Sunday Mutton Curry
If you are a Bangali and have grown up in a joint family you would know what Sunday means to us. Sunday lunch is that one meal where probably every Bong household cooks the same quintessential dish, where all the members of the family sit around a huge table and salivate at the spread laid in front of them. Sundays are synonymous with mutton. And not just any kind, it has to be the Sunday Mutton Curry (Robibaarer Mangsher Jhol).
As a kid I remember I would wake up every Sunday to the robust aroma of the mutton curries that were cooked in every kitchen in the neighbourhood. I would eagerly wait for the end product that would emerge from my kitchen. Well, not exactly my kitchen, it was my thamma's (paternal grandmother) kitchen then. She was the undisputed culinary queen of the family. Now I come from a food family. As human beings, we believe that the ultimate goal of life is to eat good food....no, not just once or twice a week, but every single day, every single meal. My thamma would wake up early in the morning to knead her luchis for breakfast everyday. That would be followed by an elaborate 5-course lunch of bhaat, dal, bhaja, torkari, maachh, chutney, doi. Yes, chutney was a MUST. After winding up lunch by 2 o'clock latest, she would take a quick nap and emerge once again at 4 o'clock, this time to make singara, kachori, dalpuri alu dam, fish chop, mutton roll, Moghlai paratha or our perennial favourite — Chingrir cutlet (Prawn cutlets). Didi would nibble at them while I would gobble them up. The paraphernalia regarding food was so enormous that we jokingly self-called our house "Adarsha Hindu Hotel", where everybody would come to have a taste of thamma's deep-fried delicacies.
Thamma left us 8 years back but what still remains as an integral part of the family is the zeal to cook and feed. Even though my mother and jyethi/Rika (aunt: father's elder brother's wife) have picked up most of her recipes by dint of sharing the same kitchen with her, nothing they ever cook will taste like thamma'r haater ranna (and mind you, they are bloody good cooks themselves). Thamma had taught her daughters-in-law the traditional family recipe of the Sunday mutton curry, just as we would love it 20 years back. And they have, in turn, passed it on to their daughters. This is the first of thamma's recipes that I'm sharing on this blog. In fact, my idea of a Bong Food series was largely envisaged as an ode to the woman to taught me to love food in every which way — be it cooking, eating or feeding. And I'm sure Thamma that you'll be happy to see your granddaughter doing all these three with great gusto! :)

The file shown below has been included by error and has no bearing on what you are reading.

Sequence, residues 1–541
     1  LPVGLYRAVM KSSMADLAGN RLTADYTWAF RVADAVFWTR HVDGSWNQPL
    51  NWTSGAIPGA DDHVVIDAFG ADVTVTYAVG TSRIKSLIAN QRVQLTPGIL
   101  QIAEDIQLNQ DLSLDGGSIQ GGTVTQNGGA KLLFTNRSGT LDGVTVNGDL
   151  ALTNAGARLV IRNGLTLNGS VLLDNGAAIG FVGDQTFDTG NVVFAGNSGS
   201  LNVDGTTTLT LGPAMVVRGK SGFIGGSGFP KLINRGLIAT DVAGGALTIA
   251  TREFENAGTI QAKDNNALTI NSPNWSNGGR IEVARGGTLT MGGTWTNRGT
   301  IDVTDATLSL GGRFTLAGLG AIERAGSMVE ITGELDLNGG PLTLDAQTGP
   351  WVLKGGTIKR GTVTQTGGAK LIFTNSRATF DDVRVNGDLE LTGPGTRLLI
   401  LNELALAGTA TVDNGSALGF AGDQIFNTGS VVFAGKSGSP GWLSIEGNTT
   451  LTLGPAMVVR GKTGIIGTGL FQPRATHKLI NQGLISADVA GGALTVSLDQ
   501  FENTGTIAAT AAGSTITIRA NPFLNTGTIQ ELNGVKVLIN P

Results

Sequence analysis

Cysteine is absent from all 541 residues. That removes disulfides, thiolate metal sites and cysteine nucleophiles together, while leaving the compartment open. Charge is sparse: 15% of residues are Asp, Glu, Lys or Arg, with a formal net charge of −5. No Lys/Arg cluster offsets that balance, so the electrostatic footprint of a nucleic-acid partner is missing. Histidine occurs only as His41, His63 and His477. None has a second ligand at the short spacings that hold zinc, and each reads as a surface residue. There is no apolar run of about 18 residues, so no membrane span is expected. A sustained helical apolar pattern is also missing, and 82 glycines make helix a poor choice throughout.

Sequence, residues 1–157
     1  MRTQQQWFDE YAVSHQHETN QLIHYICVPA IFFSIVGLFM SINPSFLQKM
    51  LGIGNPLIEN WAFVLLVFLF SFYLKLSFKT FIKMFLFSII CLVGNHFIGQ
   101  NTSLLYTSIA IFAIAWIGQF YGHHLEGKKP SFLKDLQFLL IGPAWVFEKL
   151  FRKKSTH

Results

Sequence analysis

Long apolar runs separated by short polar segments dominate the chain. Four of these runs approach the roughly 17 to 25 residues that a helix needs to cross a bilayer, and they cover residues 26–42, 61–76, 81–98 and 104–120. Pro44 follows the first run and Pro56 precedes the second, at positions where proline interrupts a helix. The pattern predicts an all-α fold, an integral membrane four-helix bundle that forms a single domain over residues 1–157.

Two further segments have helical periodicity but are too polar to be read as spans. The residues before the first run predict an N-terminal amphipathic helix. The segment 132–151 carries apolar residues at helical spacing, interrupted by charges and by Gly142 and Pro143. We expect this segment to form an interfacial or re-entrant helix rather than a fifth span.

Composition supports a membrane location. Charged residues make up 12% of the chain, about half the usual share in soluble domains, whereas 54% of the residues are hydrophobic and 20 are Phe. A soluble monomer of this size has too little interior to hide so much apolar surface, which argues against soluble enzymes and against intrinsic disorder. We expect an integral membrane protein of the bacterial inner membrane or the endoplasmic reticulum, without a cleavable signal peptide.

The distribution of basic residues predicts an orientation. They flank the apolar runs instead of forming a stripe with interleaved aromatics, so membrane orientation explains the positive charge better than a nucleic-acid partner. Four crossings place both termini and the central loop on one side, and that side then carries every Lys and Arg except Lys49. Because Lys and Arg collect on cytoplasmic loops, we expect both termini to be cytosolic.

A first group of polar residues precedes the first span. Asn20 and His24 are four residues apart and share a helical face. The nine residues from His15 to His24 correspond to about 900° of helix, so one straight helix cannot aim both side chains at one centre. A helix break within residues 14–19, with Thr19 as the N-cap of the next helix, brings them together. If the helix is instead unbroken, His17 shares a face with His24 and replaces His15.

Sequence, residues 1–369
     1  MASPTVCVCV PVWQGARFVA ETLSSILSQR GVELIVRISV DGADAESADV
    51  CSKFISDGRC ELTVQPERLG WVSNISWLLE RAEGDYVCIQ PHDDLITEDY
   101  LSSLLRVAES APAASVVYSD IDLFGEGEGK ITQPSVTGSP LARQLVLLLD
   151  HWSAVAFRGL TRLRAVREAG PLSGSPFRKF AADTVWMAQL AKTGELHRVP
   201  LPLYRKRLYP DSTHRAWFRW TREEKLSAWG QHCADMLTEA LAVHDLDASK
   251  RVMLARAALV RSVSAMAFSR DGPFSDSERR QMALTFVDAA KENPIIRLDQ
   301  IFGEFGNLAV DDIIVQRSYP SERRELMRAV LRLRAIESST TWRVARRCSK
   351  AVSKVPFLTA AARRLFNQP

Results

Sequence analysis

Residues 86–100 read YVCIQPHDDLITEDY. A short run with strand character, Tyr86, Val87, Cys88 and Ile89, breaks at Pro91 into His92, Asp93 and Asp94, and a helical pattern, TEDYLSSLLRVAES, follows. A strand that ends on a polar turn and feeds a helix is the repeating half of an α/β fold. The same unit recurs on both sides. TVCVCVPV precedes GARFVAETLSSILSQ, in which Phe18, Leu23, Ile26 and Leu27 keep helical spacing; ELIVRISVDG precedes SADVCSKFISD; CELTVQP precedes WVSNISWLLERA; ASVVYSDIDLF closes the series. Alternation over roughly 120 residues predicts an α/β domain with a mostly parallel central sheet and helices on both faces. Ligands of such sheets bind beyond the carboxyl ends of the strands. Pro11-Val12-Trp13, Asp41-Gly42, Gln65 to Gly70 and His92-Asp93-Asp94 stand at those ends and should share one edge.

Mutton, cut into medium pieces: 500 gm
Potatoes, halved: 2
Garlic paste: 3 tbsp
Ginger paste: 2 tbsp
Onion paste: 5 tbsp
Onion, sliced finely: 1/2 cup
Tomato, chopped roughly: 1 (optional)
Yoghurt: 1 cup (of which 1/2 cup is optional)
Mustard Oil: 2 tbsp
Bay leaves: 2
Black cardamom: 1
Green cardamom: 4
Cinnamon: 1 stick
Mace: a pinch
Green chillies, slit: 2
Turmeric powder: 1 tsp + for marination
Red chilli powder: 1 tsp
Cumin powder: 1 tsp
Coriander powder: 1 tsp
Salt: to taste
Sugar: 1 tsp
Water: as required
1. Marinade the mutton pieces with 1/2 cup yoghurt and a tsp each of ginger and garlic and salt. Refrigerate for 3-4 hours or better still overnight.
2. Marinade the potatoes with salt and a little turmeric powder and set aside for 30 minutes. Heat 2 tbsp of oil in a deep-bottomed kadhai/pan and lightly fry them.
3. In the same oil, add the bay leaves, cinnamon, cloves, cardamoms and mace and saute till they release aroma, roughly 45 seconds.
4. Now add the onion paste, ginger and garlic pastes and cook on medium high for a minute or so. Make sure not to burn. Add the sliced onions and green chillies and continue cooking for another 2 minutes. Add tomatoes (if using) and saute till soft and pulpy.
5. Add the turmeric, red chilli powder, cumin and coriander powder and salt and saute for 2 more minutes. You can add a splash of water at this stage if the mixture goes too dry.
6. Now add the mutton pieces along with the marination and cook covered on low heat till it has softened a bit and starts releasing oil, roughly 25-30 minutes.
7. In a pressure cook, tumble the cooked mutton, pour just enough water to cover it and cook on high heat for 3 whistles. Turn off the gas, let the cooker open on its own. Then add the fried potatoes, seal the pressure cooker and cook further for two more whistles. Again turn off heat and allow the cooker to open on its own.
8. Pour the mutton back to the kadhai and on semi high heat bring the gravy to a light bubble. Add the remaining yoghurt (if using) and stir it in. Cook for 10 more minutes till gravy reaches desired consistency. (Note: Don't use tomatoes and yoghurt together, otherwise it might result in too much acidic flavour.)
9. Serve with plain rice and only plain rice. Else, you'll be doing injustice to the Sunday Mutton Curry. :)
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For more Mutton recipes, click here